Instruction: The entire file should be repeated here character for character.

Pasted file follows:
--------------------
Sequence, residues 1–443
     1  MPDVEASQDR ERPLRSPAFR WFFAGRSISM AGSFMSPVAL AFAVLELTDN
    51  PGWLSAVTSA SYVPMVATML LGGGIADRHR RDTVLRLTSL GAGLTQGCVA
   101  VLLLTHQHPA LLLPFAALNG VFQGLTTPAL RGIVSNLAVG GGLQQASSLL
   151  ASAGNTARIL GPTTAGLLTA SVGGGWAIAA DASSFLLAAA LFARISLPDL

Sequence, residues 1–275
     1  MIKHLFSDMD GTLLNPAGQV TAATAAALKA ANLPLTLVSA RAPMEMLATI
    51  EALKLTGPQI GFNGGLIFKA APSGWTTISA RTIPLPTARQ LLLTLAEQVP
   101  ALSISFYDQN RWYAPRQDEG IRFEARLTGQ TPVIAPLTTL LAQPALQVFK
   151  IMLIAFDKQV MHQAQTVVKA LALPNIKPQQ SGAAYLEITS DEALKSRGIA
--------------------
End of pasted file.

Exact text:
Sequence, residues 1–443
     1  MPDVEASQDR ERPLRSPAFR WFFAGRSISM AGSFMSPVAL AFAVLELTDN
    51  PGWLSAVTSA SYVPMVATML LGGGIADRHR RDTVLRLTSL GAGLTQGCVA
   101  VLLLTHQHPA LLLPFAALNG VFQGLTTPAL RGIVSNLAVG GGLQQASSLL
   151  ASAGNTARIL GPTTAGLLTA SVGGGWAIAA DASSFLLAAA LFARISLPDL

Sequence, residues 1–275
     1  MIKHLFSDMD GTLLNPAGQV TAATAAALKA ANLPLTLVSA RAPMEMLATI
    51  EALKLTGPQI GFNGGLIFKA APSGWTTISA RTIPLPTARQ LLLTLAEQVP
   101  ALSISFYDQN RWYAPRQDEG IRFEARLTGQ TPVIAPLTTL LAQPALQVFK
   151  IMLIAFDKQV MHQAQTVVKA LALPNIKPQQ SGAAYLEITS DEALKSRGIA